This is what I call the Robinson Crusoe Fallacy. Just because one man traded with other men and became wealthy because of it does not entitle any other men to any more value than that which they have already received through their trade. Moreover, whether or not Saverin keeps what is his is not a matter of permission – it is a matter of right. No one has any claim to his wealth except himself. He did produce his wealth on his own. He made the decision to invest in Facebook in its early years, not the American people. It was through his singular, totally individualistic decision to think and then act in his own self-interests that earned him his wealth – no one else has the right to a single cent of Saverin’s wealth.
All the same, Sen. Schumer and Sen. Casey remain undeterred. Because they feel that it is Saverin’s moral duty to live for the group and not for himself, they intend to exact that which they feel rightfully belongs to the U.S. government and not to Saverin. Both Senators jointly introduced a bill intended to punish expatriates for leaving the United States for reasons relating to taxes entitled the “Ex-PATRIOT Act,” as if the original PATRIOT Act was not bad enough. The acronym stands for the “Expatriation Prevention by Abolishing Tax-Related Incentives for Offshore Tenancy” Act.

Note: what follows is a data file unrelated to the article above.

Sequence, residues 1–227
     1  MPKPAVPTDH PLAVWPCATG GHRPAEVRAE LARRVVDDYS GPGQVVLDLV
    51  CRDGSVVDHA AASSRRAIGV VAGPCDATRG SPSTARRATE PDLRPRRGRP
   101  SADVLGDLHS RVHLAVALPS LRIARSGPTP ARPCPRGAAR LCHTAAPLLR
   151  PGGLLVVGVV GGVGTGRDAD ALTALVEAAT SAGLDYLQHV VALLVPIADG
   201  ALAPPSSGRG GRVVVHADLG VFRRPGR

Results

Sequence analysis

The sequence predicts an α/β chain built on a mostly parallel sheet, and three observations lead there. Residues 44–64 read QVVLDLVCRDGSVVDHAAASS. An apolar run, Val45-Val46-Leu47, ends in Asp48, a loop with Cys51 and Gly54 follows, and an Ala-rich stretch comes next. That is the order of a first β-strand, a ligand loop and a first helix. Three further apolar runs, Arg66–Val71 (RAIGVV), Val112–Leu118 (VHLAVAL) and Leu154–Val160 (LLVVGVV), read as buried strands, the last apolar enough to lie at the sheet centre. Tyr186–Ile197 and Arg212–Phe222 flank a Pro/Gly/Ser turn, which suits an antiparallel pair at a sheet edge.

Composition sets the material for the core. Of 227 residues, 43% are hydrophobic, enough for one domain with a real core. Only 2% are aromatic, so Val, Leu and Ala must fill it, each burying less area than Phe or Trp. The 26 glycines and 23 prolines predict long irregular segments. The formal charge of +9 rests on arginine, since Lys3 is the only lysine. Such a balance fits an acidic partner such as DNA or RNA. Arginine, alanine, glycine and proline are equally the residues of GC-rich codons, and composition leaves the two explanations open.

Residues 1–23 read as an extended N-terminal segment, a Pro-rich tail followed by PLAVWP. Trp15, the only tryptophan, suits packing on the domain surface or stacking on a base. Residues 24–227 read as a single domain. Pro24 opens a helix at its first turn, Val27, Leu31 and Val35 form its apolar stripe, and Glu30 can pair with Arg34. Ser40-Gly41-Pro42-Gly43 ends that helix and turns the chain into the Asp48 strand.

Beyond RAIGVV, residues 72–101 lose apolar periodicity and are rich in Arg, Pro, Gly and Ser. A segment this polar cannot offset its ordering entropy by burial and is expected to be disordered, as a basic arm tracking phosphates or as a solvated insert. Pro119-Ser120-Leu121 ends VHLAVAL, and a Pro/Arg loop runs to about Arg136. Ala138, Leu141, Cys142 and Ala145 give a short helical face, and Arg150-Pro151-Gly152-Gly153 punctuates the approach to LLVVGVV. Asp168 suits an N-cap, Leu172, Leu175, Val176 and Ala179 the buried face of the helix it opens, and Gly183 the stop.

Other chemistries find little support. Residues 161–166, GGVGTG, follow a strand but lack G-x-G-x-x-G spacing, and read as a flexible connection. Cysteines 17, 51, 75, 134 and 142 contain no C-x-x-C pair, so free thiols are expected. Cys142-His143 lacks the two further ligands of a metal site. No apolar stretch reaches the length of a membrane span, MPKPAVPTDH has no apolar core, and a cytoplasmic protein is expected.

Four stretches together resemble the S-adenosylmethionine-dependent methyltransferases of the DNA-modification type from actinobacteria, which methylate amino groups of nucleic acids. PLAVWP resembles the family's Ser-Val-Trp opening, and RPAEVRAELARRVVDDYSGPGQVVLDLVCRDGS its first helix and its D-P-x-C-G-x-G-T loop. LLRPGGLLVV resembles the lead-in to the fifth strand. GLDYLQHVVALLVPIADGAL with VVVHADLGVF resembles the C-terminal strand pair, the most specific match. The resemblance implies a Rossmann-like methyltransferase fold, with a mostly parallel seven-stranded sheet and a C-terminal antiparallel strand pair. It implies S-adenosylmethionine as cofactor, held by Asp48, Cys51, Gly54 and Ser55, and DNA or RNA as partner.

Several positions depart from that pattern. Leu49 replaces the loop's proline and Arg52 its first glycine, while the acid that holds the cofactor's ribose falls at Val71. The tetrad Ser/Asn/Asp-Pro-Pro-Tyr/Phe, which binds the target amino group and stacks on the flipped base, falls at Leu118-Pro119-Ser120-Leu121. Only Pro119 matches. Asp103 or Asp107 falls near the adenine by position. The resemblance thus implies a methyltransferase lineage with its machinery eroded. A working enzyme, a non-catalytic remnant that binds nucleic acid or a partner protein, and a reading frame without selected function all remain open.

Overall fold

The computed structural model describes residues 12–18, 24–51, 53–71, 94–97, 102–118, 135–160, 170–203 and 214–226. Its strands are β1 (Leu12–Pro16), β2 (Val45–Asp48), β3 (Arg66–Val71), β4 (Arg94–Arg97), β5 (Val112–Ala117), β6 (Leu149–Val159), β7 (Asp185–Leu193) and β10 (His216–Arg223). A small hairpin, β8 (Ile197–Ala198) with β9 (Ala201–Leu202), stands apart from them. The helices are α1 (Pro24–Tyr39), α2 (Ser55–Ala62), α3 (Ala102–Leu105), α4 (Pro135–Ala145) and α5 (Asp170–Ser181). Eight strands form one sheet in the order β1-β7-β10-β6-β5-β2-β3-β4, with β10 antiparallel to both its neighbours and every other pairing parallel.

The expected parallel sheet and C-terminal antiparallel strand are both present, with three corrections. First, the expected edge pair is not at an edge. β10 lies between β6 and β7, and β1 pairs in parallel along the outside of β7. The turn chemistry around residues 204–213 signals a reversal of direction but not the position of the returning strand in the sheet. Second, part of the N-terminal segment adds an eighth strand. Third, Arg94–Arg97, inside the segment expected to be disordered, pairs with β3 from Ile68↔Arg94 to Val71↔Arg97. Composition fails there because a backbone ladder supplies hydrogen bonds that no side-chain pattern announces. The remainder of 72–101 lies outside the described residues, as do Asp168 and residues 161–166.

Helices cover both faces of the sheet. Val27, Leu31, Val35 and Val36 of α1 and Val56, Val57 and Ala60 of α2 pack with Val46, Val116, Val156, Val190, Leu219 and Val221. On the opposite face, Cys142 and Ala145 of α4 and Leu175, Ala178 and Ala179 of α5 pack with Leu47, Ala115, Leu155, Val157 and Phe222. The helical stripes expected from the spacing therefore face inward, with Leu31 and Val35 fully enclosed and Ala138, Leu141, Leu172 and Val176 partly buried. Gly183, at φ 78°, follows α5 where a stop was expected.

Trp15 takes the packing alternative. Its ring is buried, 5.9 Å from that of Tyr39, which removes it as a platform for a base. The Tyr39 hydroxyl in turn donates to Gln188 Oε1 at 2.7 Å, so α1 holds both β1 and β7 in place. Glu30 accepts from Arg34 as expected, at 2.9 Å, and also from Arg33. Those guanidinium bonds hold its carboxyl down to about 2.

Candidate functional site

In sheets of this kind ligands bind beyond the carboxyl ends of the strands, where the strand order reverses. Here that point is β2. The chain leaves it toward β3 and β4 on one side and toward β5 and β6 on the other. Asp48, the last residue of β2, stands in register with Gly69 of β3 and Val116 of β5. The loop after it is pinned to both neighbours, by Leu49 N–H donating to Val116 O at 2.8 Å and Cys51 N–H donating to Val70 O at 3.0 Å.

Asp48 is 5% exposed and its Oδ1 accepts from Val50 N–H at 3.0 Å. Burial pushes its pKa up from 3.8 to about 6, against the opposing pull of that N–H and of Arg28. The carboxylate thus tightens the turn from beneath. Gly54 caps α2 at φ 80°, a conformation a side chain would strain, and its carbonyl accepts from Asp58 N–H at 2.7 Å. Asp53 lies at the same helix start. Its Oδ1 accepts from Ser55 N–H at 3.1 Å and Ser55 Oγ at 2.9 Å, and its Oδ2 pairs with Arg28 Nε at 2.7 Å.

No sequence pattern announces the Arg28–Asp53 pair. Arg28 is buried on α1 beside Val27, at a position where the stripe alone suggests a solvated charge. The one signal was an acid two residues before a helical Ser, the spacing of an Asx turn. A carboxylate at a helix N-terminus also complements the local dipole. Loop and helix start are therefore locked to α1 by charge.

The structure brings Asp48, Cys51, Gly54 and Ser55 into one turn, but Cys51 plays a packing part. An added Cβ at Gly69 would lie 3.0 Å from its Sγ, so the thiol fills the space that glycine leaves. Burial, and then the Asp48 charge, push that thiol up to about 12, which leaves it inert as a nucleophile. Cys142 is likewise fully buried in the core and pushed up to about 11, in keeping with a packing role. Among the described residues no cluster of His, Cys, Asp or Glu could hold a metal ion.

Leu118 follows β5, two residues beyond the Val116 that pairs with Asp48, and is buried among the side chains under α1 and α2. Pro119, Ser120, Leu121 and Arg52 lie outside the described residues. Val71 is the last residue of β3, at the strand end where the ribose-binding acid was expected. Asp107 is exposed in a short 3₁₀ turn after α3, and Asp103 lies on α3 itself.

If Sen. Schumer and Sen. Casey were decent statesmen, they could achieve the purpose within the bill’s title – that is, eliminating tax-related incentives for expatriation – by simply loosening the oppressive nature of our tax structure here in the United States. Thus, the bill would lead to a system that is less unfair than the one currently in place by allowing individuals and businesses to keep more of that which they produce. If the logic of such a move was followed consistently, it would eventually lead to the end of all taxes and invite creative statesmen to derive voluntary means of government funding.
Unfortunately, Sen. Schumer and Sen. Casey are not decent statesmen – far from it. According to a description of the Ex-PATRIOT Act by Forbes contributor Jon Matonis, the provisions within the bill reek of the same statism that led to the passage of the Sherman Antitrust Act over 120 years ago, and even more shockingly, they mirror the Reichfluchsteuer, a Nazi-imposed tax on Jews attempting to leave Germany before the onset of the Holocaust (which was, incidentally, 5% less than what Sens. Schumer and Casey are recommending):